Religion-Science Philosophy articles series
Main Thesis: Harmonia Philosophica [English] (Credo quia absurdum!!)
The limits of science
Religion and Science unification - Towards religional science
The Dark Side of Technology
The dictatorship of the science of psychiatry
The Source of Ethics
State - Science separation: Is it time?
Why you can't be an agnostic
Human Consciousness and the end of Materialism
This article presents the basic principles of ethics philosophy in an understandable way for everyone to read. From Aristotle to Kant and from Kant to post-modern philosophers, ethics is one of the most interesting subjects of philosophy that is closely related to our everyday lifes. Knowing "why" one thing is "Bad" or another is "Good" can be of great importance...
1. Introduction - Scope
2. Definitions of Ethics
3. The source of Ethics
3.1 Ethics as human nature
3.2 Ethics as "living good"
The principal idea with which Aristotle begins is that there are differences of opinion about what is best for human beings, and that to profit from ethical inquiry we must resolve this disagreement. He insists that ethics is not a theoretical discipline: we are asking what the good for human beings is not simply because we want to have knowledge, but because we will be better able to achieve our good if we develop a fuller understanding of what it is to flourish. In raising this question—what is the good?—Aristotle is not looking for a list of items that are good. He assumes that such a list can be compiled rather easily; most would agree, for example, that it is good to have friends, to experience pleasure, to be healthy, to be honored, and to have such virtues as courage at least to some degree. The difficult and controversial question arises when we ask whether certain of these goods are more desirable than others.
The "highest good"
The goal is Eudaimonia
3.3 Ethics as an "a priori" truth
The "duty" of Kant
Kant argued that there is a more foundational principle of duty that encompasses our particular duties. Kant is known for his theory that there is a single, self-evident principle of reason that he calls the "Categorical Imperative".  Categorical imperatives are principles that are intrinsically valid; they are good in and of themselves; they must be obeyed in all situations and circumstances if our behavior is to observe the moral law. It is from the Categorical Imperative that all other moral obligations are generated, and by which all moral obligations can be tested. He believed that the moral law is a principle of reason itself, and is not based on contingent facts about the world, such as what would make us happy, but to act upon the moral law which has no other motive than "worthiness of being happy". Accordingly, he believed that moral obligation applies to all and only rational agents.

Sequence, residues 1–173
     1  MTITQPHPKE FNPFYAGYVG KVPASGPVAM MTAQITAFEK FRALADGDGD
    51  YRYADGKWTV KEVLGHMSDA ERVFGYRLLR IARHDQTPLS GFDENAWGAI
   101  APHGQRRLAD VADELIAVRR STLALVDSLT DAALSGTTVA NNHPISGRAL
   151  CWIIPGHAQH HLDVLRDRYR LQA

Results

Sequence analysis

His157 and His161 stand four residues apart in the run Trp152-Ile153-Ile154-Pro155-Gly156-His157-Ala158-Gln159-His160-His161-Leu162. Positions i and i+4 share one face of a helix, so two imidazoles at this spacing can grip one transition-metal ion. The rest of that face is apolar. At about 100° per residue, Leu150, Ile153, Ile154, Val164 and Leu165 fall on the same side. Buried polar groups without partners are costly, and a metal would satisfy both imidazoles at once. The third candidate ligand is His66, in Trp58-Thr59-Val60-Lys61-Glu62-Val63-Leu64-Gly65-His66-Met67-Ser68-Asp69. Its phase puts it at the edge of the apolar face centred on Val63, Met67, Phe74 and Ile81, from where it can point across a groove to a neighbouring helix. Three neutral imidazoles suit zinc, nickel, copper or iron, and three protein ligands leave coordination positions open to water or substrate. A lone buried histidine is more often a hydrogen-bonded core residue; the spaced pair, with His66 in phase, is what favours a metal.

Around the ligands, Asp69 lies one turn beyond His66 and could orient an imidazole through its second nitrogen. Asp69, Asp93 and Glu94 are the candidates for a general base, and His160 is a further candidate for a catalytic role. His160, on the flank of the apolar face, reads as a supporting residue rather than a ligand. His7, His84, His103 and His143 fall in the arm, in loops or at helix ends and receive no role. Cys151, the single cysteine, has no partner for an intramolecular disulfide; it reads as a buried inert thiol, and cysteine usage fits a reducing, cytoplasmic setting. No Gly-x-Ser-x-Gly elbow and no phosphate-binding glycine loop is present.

The Moral Law of God
Moral Laws as absolute truth
3.4 Ethics as selfish desires
3.5 Ethics as a creation of society
Models & Rules for deciding ethically
- Are you treating others as you would want to be treated?
- Would you be comfortable if your reasoning and decision were to be publicized?
- Would you be comfortable if your children were observing you? 
3.6 Ethics without ethical code
According to Bauman, the essence of the postmodern approach to ethics lies not in the abandoning of characteristically modern moral concerns, but in the rejection of the typically modern ways of going about its moral problems (that is, responding to moral challenges with coercive normative regulation in political practice, and the philosophical search for absolutes, universals and foundations in theory). Postmodern ethics is thus, to use Bauman’s phrase, ‘morality without ethical code’. Human reality is messy and ambiguous – and so moral decisions, unlike abstract ethical principles, are ambivalent. It is in this sort of world that we must live. Knowing that to be the truth is to be postmodern. Postmodernity, one may say, is modernity without illusions (the obverse of which is that modernity is postmodernity refusing to accept its own truth). The illusions in question boil down to the belief that the “messiness” of the human world is but a temporary and repairable state, sooner or later to be replaced by the orderly and systematic rule of reason. The truth in question is that the “messiness” will stay whatever we do or know, that the little orders and “systems” we carve out in the world are as arbitrary and in the end contingent as their alternatives.  Post-modernism surely gives a new perspective in ethics...
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Interesting Internet Resources
- Dictionary of Philosophy, Dagobert D. Runes, 1942, New York, USA
- Ethics [Wikipedia article]
- Aristotle's Ethics [Stanford Encyclopedia of Philosophy]
- Ethics [The Internet Encyclopedia of Philosophy]
- Kant [Wikipedia article]
- The language of God - A Scientist Presents Evidence for Belief, Francis Collins, 2007, UK.
- Mere christianity, C.S.Lewis, 1943
- Ethics in Society at Large [ethics.berkeley.edu
- Ethics Scoreboard Rule Book
- Knol - Ethics for IT Professionals: Part 1
- Ethics in the Postmodern World
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